Dr. Alex Brinkmeyer
The strength, lightness and resistance to the harsh space environment of composite materials provide great advantages to the space industry.  Rigid composite structures are well understood and characterized.  However, when made to be rolled or folded for stowage and then deployed as large structures on orbit, understanding and predictability is poor, so they are currently avoided for space missions.  Dr. Alex Brinkmeyer has built upon his PhD work at Bristol University’s Advanced Composite Laboratory to significantly improve the understanding and thus the commercial viability of flexible composites. His leadership in developing a proprietary mathematical modelling “toolkit” for Oxford Space Systems (OSS) has led to two industry records: from materials concept to orbit in under 30 months and development of the world’s longest retractable microsat boom system.  As well as reducing product development time, Alex’s work has contributed to an increase in OSS valuation with the venture capital investment community.

The UK Gaia Science Team
Gaia is the most ambitious astrometry mission ever flown.  It will measure the distances and space motions of all stars visible to us in the galaxy with unprecedented precision. These results will transform astrophysics as we know it. To achieve the necessary precision in the measurements has been an enormous challenge technically.  However, the huge task of processing and analysing the data has been an even greater challenge, without which the potential of the instrumentation could not be realised. This has been carried out by the pan-European Data Processing and Analysis Consortium (DPAC), to which the UK’s multi-institutional team from Cambridge, MSSL, Edinburgh, RAL and Leicester led by Prof Gerry Gilmore at Cambridge has made a fundamental and key contribution. With the imminent release of the first Gaia results in September 2016, it is timely to recognise this important academic achievement.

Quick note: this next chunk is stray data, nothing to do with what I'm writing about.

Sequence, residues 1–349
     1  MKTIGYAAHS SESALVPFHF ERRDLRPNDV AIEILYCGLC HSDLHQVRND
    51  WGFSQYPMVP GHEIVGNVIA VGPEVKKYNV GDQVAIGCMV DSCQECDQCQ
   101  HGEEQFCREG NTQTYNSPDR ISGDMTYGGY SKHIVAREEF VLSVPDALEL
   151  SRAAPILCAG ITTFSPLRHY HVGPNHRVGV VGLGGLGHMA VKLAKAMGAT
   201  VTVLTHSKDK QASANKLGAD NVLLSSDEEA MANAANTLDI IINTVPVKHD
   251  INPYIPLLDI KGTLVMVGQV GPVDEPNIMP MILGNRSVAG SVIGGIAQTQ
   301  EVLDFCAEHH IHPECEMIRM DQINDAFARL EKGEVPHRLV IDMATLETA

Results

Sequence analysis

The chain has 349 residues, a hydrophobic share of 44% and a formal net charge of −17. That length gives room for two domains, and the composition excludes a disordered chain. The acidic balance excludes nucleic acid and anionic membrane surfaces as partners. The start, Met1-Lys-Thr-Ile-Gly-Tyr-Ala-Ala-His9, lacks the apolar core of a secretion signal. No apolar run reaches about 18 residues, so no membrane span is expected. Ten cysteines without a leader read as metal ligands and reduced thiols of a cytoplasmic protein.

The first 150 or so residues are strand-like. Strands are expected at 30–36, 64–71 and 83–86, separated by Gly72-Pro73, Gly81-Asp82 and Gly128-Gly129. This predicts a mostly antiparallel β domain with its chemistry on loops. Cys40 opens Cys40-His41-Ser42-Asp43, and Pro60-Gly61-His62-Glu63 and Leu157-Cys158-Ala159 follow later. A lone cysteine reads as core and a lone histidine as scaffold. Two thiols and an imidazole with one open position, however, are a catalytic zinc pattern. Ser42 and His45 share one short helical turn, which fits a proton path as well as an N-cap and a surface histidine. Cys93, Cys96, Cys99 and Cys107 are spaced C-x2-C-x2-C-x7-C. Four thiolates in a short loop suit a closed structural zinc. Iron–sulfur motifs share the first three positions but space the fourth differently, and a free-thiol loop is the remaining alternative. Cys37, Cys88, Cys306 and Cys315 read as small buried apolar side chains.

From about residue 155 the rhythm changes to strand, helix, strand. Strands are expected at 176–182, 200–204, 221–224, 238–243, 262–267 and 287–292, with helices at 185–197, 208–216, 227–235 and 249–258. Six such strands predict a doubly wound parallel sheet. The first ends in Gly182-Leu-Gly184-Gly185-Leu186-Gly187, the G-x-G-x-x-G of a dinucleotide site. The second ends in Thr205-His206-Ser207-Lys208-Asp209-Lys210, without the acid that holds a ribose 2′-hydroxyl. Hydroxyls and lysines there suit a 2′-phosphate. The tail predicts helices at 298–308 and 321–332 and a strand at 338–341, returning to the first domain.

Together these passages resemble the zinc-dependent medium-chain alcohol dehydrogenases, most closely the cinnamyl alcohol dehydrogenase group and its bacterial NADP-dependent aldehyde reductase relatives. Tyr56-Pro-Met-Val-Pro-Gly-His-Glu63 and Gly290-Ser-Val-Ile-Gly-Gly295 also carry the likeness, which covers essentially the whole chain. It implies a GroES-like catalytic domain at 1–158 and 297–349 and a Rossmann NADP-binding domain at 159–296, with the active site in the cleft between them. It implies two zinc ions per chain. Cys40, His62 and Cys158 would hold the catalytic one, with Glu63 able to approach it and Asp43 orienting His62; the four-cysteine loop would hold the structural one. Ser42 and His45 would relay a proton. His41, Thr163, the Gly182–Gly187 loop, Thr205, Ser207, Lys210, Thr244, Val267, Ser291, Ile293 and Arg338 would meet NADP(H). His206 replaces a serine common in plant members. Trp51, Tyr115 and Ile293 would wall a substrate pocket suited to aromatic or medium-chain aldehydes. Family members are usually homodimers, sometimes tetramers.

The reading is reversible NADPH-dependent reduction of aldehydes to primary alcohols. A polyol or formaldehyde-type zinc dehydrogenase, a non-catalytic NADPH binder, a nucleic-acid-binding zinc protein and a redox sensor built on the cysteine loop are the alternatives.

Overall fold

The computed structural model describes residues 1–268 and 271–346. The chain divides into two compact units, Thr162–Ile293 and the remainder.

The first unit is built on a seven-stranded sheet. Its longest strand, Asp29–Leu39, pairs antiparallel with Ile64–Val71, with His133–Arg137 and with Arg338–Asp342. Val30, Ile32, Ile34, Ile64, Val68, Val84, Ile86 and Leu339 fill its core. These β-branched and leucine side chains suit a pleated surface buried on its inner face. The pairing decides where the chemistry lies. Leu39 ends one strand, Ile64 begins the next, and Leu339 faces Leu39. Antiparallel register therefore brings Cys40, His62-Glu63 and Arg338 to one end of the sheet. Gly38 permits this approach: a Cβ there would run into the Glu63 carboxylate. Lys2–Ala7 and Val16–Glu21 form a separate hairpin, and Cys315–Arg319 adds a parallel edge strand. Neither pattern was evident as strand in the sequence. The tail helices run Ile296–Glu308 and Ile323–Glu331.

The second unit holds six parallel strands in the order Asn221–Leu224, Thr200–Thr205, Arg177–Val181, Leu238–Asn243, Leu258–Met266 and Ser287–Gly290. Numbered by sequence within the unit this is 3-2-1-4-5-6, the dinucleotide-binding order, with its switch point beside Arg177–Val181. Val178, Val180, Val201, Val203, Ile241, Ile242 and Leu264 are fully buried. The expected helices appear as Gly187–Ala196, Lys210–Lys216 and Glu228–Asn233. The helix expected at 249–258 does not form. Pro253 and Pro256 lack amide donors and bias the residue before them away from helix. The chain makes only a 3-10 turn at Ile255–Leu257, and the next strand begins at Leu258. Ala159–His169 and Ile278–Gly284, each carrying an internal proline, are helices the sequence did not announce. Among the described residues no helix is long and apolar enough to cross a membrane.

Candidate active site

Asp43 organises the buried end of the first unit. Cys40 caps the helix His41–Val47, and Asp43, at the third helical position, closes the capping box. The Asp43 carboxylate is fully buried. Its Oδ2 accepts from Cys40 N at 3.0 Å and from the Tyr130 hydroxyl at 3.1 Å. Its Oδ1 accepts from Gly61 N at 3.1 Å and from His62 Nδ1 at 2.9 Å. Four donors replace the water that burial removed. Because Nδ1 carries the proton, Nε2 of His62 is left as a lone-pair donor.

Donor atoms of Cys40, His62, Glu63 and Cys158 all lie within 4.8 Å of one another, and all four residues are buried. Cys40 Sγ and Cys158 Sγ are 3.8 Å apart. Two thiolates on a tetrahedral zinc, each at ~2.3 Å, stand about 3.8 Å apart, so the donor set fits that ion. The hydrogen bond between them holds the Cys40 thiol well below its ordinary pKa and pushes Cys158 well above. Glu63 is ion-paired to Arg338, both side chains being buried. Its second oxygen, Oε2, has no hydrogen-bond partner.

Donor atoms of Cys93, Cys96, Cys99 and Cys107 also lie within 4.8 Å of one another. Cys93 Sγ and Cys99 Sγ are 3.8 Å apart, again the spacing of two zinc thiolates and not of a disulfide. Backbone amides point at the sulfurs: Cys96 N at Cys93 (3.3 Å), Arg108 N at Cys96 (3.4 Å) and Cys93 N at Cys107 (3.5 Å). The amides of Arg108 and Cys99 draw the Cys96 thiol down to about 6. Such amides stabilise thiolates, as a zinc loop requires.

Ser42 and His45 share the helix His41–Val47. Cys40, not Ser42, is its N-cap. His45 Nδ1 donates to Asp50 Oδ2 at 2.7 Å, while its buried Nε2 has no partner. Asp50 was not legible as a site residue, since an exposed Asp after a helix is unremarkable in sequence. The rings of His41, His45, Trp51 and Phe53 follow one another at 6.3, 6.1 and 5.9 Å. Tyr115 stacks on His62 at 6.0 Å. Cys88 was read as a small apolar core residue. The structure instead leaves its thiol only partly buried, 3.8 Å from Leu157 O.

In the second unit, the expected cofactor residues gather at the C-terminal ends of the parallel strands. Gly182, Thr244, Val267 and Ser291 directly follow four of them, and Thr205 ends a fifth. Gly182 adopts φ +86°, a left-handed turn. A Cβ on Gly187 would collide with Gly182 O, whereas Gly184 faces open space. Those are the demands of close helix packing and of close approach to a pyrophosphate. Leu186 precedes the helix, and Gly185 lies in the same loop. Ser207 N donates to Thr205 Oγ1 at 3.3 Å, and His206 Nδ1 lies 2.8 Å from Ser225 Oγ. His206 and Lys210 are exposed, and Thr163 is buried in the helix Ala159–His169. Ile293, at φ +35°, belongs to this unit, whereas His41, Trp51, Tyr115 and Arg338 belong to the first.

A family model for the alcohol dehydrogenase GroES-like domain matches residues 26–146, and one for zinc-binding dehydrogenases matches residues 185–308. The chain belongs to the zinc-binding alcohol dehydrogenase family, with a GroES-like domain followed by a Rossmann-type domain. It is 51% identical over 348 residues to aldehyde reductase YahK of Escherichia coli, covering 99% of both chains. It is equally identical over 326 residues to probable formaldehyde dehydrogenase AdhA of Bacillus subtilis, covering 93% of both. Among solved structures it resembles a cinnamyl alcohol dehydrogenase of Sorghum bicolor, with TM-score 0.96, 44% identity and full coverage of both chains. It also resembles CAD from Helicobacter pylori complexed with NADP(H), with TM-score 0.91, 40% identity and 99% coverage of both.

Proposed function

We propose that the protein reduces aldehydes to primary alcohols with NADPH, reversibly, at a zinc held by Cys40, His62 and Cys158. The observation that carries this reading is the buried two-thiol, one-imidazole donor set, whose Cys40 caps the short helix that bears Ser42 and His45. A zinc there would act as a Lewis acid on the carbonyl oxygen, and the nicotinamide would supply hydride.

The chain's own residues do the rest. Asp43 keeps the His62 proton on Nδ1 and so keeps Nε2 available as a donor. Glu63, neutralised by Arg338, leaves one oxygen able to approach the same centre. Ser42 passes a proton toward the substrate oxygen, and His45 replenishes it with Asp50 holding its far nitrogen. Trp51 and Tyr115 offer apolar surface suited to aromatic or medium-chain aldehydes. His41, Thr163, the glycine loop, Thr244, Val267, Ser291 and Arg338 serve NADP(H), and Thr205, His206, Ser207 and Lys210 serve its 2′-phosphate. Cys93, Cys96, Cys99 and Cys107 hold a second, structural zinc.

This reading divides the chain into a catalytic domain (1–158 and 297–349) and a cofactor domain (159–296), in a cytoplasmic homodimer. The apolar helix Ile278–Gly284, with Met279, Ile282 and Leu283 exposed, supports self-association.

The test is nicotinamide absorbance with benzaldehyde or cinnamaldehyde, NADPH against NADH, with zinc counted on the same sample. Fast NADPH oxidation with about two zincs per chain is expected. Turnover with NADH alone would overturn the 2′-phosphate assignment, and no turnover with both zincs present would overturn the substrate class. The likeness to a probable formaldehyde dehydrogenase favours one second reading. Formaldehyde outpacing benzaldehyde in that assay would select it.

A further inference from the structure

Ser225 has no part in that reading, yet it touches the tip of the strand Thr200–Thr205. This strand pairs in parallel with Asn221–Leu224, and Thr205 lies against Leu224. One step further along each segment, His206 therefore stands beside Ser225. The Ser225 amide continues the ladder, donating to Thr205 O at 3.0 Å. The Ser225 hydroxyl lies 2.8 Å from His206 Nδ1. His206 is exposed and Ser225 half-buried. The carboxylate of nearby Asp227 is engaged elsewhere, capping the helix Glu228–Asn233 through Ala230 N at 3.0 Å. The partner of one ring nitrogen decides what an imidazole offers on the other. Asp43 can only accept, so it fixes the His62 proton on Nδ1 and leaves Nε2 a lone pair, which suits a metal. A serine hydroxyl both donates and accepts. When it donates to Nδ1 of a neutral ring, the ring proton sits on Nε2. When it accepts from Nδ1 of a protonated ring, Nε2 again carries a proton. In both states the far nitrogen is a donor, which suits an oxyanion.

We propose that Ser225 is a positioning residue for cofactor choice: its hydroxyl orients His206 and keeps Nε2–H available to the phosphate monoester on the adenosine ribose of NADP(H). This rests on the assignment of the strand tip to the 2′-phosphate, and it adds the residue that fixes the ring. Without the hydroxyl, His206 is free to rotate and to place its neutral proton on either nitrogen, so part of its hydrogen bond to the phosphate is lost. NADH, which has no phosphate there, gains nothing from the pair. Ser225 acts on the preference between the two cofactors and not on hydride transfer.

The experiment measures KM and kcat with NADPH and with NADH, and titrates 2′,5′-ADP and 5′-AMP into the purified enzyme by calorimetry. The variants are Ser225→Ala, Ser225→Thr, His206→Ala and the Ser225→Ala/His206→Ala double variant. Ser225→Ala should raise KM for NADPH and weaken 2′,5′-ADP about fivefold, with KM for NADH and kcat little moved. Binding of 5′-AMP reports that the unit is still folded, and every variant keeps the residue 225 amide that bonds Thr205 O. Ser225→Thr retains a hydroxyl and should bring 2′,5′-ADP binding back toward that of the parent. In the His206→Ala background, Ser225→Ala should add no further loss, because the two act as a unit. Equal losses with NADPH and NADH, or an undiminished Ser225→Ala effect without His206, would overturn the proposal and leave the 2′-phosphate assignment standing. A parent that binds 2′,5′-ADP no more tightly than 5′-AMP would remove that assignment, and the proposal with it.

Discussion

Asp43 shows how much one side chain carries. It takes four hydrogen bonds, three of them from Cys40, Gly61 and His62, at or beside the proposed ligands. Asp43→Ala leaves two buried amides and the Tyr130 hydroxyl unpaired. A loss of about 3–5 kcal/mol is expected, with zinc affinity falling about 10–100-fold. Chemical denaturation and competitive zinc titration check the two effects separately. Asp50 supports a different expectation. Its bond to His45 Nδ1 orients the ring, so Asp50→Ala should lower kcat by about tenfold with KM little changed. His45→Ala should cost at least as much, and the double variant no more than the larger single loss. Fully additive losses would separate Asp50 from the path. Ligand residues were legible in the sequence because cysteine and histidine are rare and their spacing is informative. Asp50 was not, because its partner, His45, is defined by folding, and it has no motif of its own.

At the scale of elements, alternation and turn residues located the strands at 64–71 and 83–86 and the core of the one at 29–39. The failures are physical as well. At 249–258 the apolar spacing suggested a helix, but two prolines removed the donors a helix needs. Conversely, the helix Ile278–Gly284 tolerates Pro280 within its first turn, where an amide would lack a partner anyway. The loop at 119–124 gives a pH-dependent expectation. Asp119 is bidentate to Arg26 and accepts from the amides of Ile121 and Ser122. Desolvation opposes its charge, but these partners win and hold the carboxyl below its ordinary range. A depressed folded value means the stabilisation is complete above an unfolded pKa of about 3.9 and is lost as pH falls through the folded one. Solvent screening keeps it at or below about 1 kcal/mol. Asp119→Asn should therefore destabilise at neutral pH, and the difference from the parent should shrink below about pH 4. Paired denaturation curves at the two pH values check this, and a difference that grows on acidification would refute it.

4. Space Achievement – Education and Outreach
The UKSA Principia Education Team
The educational outreach activities of Tim Peake’s Principia mission have been extremely successful in generating an unprecedented feel-good factor and a maintained level of interest in the UK.  It is the biggest ‘good news story’ to engage UK children in years. The UK Space Agency Education Team of Jeremy Curtis, Libby Jackson and Susan Buckle have, in liaison with ESA, coordinated the many activities and have spent a considerable amount of time and energy publicising the various initiatives and then making them happen.  Libby Jackson in particular deserves recognition for her media activities.  She is clearly passionate about her role and speaks with great authority on her subject, the mission and the legacy.  She is an excellent role model for young people, particularly women.  The creativity of the outreach initiative is best illustrated by the Royal Horticultural Society’s Rocket Science project, endorsed by HM the Queen at the Chelsea Flower Show, where schools compare the growth of Rocket salad seeds flown on the ISS with seeds that have stayed on Earth and the Astro Pi computer and sensor suite programmed by British school children that Tim has been using on the ISS.

The Astro Pi Team
Funded largely by the Raspberry Pi Foundation, the Astro Pi project enabled UK schools to devise and code experiments to be run on the ISS by British ESA Astronaut, Tim Peake. The Outreach team at Raspberry Pi worked tirelessly, in an area outside their normal expertise, to get the Astro Pi computers designed, qualified, and flown to the ISS. The mission achieved 100% of its goals, and the effect in schools is clear to see.  The UK space industry recognises and thanks them for their effort in establishing an exciting project like Astro Pi to feed the pipeline of future talent. The project was superbly devised to cover all key stage age groups, and the quality of experiments and code from schools is testament to the success of the project. It can now be said that UK school children have their code flying in space – Quite an achievement.

Nick Spall